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June - July 2006

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Dispatches & Reports


The Indian Institute of Advanced Research was officially opened by the Honourable President of India, His Excellency Shri A.P.J. Abdul Kalam on Friday, 28th April 2006 at Village Koba, Gandhinagar, Gujarat.

The opening was followed by a tour of the local area followed by dinner in the evening.
After the inauguration of the Institute a Symposium on “Frontiers of New Biology” was held.
Any further information can be obtained by contacting Mary McGowan of Purico Limited, tel. 0115 9013000 or mobile no. 07973 670788.


Mumbai, April: The vibrant city of Mumbai will be witness to the gala ceremony of the annual Liquid Bar Awards and the launch of Liquid Magazine on May 3rd 2006. The Liquid Bar Awards, which acknowledge and celebrate the increasing success and growth of the bar and drinks industry in India, is presented in association with Cobra Beer and hosted by Liquid Magazine.

The awards have been instituted to recognise some of major players who have been instrumental in strengthening India’s bar and drinks industry.

Perses Bilimoria, Regional Director of Cobra Beer commented: “We at Cobra Beer in India are delighted to be associated with the launch of Liquid Magazine in India and the first presentation of the Liquid Bar Awards. We see this as exciting synergy for the entire bar and drinks industry, the opportunities of which are yet to be unleashed.”

The Liquid Bar Awards is pleased to present Rashmi Uday Singh, Alok Chandra and Sandeep Verma as the eminent panel of judges. With years of invaluable experience and expertise in their respective fields covering a wide spectrum from liquor to food, they lend a high touch of credibility and class to these awards. The awards have seven categories: Best Bar; Best New Bar; Best New Design; Best Night Out; Best Cocktail Menu; Best Wine List and Best Music Venue, which has been sponsored by VH1.

The procedure of nomination for each category of awards was both detailed and rigorous, following which the nominated entrants are short listed. The final four short listed entrants are selected on the basis of a number of parameters and the winners will be awarded on May 3rd at an official ceremony to be held at one of Mumbai’s hottest new venues, Bohemia.

Perses Bilimoria adds: “The potential for both the Liquid Bar Awards and Liquid Magazine, going forward will be far fetching, considering the exponential growth of the drinks industry in the coming years. It will be gratifying to have both the magazine and the awards seize this glowing opportunity, in creating a niche, interactive and stylish forum for the drinks and bar industry.”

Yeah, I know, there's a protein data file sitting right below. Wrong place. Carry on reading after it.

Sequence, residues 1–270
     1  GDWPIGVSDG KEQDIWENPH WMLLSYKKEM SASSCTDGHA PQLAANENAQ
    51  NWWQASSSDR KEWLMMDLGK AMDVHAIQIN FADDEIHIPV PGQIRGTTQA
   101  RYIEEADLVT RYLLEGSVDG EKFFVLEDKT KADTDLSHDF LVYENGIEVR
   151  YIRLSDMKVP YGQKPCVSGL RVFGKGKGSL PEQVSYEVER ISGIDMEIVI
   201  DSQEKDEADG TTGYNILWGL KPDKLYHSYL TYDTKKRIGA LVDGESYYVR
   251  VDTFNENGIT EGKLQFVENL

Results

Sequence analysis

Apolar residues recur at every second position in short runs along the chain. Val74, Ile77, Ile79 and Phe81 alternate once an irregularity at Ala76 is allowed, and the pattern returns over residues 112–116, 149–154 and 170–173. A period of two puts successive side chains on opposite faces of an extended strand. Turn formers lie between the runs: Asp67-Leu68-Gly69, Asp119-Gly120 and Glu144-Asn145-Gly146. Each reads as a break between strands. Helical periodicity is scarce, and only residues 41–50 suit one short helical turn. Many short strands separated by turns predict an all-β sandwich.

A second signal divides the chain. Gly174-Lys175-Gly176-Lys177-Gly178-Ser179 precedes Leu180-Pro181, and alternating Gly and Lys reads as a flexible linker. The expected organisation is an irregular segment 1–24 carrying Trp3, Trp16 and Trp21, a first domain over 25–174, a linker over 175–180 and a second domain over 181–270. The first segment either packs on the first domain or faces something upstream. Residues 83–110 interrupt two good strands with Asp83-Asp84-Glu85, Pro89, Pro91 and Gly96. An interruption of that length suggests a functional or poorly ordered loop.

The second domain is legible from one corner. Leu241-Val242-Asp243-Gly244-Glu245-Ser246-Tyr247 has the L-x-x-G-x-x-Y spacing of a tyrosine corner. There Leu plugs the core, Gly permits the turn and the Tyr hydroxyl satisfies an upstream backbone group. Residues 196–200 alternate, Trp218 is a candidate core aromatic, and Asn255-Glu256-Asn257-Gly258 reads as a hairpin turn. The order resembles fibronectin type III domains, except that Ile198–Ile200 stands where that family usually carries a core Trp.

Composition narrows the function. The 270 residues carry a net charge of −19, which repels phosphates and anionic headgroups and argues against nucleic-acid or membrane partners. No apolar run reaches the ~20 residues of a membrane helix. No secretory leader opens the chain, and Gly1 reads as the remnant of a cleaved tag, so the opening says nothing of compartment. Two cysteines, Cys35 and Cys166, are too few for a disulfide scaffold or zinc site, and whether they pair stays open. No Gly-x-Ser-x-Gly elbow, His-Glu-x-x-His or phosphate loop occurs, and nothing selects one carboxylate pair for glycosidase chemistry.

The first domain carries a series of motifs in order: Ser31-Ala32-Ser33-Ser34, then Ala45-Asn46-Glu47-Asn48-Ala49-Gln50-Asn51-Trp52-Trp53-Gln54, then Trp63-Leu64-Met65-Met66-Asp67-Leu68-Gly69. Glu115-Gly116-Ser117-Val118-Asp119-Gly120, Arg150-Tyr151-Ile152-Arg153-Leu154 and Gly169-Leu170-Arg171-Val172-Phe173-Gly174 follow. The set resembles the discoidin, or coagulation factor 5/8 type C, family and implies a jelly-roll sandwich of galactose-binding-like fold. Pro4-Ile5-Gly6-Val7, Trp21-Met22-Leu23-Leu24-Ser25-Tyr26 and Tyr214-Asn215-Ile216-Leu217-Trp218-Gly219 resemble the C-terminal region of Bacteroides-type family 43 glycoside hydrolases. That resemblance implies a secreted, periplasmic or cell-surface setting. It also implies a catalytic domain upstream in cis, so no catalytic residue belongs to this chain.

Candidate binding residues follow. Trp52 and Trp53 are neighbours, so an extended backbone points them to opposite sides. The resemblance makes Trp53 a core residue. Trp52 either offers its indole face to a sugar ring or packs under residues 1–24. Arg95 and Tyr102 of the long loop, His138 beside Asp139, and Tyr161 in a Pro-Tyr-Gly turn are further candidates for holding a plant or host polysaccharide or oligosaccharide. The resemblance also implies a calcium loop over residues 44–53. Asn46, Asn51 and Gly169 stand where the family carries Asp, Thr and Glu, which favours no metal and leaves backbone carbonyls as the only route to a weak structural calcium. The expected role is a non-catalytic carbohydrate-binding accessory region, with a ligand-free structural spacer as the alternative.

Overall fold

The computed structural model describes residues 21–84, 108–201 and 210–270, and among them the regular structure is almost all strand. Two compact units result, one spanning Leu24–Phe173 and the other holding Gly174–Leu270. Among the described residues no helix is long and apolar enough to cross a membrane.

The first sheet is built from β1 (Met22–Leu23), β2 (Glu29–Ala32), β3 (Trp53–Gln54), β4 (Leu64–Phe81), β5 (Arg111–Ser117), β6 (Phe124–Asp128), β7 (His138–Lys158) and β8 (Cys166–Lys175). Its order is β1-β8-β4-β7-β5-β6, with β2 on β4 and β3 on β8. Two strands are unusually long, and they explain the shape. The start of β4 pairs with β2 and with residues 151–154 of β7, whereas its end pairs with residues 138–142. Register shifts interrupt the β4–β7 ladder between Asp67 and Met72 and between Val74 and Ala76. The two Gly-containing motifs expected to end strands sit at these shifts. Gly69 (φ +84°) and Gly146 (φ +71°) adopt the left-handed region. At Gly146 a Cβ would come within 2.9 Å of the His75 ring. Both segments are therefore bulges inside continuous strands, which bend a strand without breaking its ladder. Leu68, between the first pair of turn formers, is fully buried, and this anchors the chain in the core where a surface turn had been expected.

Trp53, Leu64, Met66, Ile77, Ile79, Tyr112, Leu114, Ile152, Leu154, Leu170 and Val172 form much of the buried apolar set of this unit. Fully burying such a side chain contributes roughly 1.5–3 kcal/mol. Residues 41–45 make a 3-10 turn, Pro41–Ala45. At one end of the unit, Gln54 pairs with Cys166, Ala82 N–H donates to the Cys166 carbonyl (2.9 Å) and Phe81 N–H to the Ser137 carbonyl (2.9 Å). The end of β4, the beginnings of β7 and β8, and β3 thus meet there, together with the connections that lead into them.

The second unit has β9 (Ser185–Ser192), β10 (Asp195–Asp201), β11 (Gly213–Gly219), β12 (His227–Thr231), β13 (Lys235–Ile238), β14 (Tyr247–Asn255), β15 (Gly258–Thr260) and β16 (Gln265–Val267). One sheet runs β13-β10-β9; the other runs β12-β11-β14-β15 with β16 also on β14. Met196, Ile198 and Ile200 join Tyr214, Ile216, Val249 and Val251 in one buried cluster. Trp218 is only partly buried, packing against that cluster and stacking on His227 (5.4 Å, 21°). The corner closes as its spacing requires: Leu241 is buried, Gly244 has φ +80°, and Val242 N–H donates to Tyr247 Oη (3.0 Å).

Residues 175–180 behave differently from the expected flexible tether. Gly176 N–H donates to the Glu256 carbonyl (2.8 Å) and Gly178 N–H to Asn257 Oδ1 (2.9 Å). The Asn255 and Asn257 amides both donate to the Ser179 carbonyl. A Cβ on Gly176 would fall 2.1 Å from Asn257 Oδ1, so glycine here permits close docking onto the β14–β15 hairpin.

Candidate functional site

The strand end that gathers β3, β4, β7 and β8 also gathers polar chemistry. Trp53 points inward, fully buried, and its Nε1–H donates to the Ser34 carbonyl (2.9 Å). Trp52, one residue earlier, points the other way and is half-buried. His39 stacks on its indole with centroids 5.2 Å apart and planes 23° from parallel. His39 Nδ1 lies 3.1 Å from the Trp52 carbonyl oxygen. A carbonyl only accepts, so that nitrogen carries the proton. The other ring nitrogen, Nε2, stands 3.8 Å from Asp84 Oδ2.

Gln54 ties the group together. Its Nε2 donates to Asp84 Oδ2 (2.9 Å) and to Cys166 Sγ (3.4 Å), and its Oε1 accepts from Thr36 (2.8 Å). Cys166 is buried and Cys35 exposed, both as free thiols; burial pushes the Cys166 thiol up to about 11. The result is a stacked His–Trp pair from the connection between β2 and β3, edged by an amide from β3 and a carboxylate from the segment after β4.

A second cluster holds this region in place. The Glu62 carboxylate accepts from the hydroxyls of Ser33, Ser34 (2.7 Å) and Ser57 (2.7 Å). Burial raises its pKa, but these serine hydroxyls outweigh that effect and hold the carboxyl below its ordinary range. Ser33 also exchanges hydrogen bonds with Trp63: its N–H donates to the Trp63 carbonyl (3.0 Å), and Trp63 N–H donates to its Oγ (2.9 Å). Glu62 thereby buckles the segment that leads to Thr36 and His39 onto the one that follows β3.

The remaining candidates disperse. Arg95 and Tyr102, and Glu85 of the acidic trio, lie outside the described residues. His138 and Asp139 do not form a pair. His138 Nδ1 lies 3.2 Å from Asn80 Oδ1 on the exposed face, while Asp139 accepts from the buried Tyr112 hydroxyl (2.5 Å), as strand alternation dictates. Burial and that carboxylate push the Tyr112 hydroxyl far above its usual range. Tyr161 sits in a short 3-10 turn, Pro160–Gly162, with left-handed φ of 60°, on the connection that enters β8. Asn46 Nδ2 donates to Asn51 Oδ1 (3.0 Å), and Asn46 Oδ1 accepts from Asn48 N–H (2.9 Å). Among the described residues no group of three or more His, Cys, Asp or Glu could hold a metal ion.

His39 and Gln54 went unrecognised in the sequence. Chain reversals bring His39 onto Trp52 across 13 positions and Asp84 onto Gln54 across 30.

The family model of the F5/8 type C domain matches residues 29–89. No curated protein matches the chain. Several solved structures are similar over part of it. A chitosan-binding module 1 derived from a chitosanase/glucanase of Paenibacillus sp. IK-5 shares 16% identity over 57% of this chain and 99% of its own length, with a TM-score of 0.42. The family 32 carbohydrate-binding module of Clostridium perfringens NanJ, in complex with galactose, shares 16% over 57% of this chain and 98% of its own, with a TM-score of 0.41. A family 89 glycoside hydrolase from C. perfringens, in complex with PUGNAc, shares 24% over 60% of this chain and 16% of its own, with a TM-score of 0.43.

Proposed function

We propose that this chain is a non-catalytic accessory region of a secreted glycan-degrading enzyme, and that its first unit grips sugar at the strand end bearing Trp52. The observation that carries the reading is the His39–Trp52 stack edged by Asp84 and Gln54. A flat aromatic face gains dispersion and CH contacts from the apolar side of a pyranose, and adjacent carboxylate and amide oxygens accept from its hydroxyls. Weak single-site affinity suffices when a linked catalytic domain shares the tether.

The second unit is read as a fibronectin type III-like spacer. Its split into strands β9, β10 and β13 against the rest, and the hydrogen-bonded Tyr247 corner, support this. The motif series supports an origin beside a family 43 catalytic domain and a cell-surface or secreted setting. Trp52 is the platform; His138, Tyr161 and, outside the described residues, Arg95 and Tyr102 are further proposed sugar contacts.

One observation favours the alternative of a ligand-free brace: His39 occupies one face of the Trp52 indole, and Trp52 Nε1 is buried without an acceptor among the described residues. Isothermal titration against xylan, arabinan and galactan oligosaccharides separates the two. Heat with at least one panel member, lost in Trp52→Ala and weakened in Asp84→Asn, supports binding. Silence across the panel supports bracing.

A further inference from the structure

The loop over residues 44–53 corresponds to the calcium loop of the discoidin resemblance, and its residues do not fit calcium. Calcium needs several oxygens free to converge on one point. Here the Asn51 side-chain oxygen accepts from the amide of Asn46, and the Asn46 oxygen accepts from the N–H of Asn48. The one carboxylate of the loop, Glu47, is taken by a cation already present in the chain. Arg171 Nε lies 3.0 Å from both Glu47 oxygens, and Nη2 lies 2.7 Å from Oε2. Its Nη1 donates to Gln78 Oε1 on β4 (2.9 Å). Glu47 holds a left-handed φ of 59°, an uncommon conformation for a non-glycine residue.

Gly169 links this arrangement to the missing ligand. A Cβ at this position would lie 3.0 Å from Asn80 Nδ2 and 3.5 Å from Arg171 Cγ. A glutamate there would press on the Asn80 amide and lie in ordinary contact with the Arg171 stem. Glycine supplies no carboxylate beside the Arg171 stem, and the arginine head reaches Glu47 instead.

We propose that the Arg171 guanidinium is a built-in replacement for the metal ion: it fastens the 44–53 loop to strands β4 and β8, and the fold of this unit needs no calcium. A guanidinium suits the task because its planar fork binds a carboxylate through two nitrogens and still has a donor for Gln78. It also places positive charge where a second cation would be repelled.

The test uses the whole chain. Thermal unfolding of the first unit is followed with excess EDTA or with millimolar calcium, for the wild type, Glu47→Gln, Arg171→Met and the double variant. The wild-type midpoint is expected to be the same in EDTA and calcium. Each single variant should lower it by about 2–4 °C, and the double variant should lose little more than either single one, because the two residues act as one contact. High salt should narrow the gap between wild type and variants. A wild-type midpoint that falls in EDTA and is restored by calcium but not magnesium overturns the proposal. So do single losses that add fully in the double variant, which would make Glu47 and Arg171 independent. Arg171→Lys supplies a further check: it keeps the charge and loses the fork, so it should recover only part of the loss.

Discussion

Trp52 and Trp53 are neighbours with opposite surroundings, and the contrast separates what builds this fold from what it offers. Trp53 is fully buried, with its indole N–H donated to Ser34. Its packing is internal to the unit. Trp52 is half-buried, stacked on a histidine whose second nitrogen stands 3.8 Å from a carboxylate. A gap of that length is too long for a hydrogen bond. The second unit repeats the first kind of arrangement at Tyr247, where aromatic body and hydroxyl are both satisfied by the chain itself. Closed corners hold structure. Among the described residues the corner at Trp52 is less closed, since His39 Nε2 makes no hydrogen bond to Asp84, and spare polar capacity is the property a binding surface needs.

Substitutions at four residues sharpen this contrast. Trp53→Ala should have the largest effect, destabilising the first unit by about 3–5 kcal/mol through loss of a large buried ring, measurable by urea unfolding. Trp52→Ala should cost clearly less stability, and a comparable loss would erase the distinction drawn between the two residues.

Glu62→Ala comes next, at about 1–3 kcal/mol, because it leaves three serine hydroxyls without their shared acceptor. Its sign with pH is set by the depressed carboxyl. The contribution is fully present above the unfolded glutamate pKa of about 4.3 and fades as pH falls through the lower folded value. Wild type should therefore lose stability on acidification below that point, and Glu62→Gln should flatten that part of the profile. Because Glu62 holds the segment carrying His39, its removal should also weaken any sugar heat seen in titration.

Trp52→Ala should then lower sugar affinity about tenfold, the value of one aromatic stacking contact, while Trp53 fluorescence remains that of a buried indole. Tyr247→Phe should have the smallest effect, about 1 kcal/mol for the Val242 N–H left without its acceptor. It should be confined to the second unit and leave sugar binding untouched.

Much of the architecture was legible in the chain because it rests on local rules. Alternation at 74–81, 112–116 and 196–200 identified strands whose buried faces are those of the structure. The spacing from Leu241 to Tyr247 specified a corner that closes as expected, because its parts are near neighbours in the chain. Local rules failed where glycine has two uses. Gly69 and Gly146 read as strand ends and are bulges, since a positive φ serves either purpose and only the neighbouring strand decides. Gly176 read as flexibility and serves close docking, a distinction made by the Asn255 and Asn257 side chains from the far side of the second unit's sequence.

8 to 18 June 2006

Discover the extraordinary world of textiles, rugs and ethnographic works of art at the ninth annual Textile & Tribal Art: The HALI Fair which will be staged at the National Hall, Olympia, London W14, from the evening of Thursday 8 to Sunday 18 June 2006. 

Some 75 international dealers from across the five continents will offer for sale a spectrum of colour, texture and style, united by an expression of cultural variety from ancient times to the contemporary designs of today.  Prices will range from £50 to over £500,000.

The Fair, which attracts an audience of international collectors, museum curators, fashion designers, retailers, interior decorators and private buyers, is presented as three zones:
Traditional: a varied and exciting selection of woven art including rugs, kilims and textiles from Africa, the Americas, Asia, the Caucasus, India, Middle East, Persia, and Turkey.  European embroideries and tapestries jostle with 18th century Aubusson carpets; colourful costume is displayed, ranging from Japanese kimonos to Indian turbans, Mongolian wool hats to Samarkand silk ikat kaftans, beaded purses from North American tribes to batik from Indonesia; while rugs vary from rustic woven wool grain sacks to sacred and rare prayer rugs.

Tribal: ethnographic art has been studied and acquired by those with an inquiring mind for centuries and is today very much a part of the contemporary collecting and decorating scene.  “Tribal art has the extraordinary quality of being both ancient and modern. The clarity of line and focused simplicity of works give the feeling of contemporary sculpture - but without the high price tag - and a decorative effect that complements the recent taste for less fussy interiors.” (Clive Loveless, exhibitor and tribal expert).  Explore the intriguing collections from dealers in ceremonial and decorative works from Africa, Australasia, Oceania and the Americas.

Design·Zone: leading exponents of 21st century design display examples of contemporary ceramics and carpet weaving that use traditional skills.  The colours and patterns will inspire lovers of the avant garde, abstract and natural.